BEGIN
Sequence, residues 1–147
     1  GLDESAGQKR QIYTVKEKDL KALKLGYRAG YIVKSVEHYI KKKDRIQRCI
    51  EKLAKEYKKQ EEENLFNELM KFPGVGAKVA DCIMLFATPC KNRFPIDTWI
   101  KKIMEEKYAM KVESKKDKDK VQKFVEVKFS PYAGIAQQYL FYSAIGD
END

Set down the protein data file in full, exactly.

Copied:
Sequence, residues 1–147
     1  GLDESAGQKR QIYTVKEKDL KALKLGYRAG YIVKSVEHYI KKKDRIQRCI
    51  EKLAKEYKKQ EEENLFNELM KFPGVGAKVA DCIMLFATPC KNRFPIDTWI
   101  KKIMEEKYAM KVESKKDKDK VQKFVEVKFS PYAGIAQQYL FYSAIGD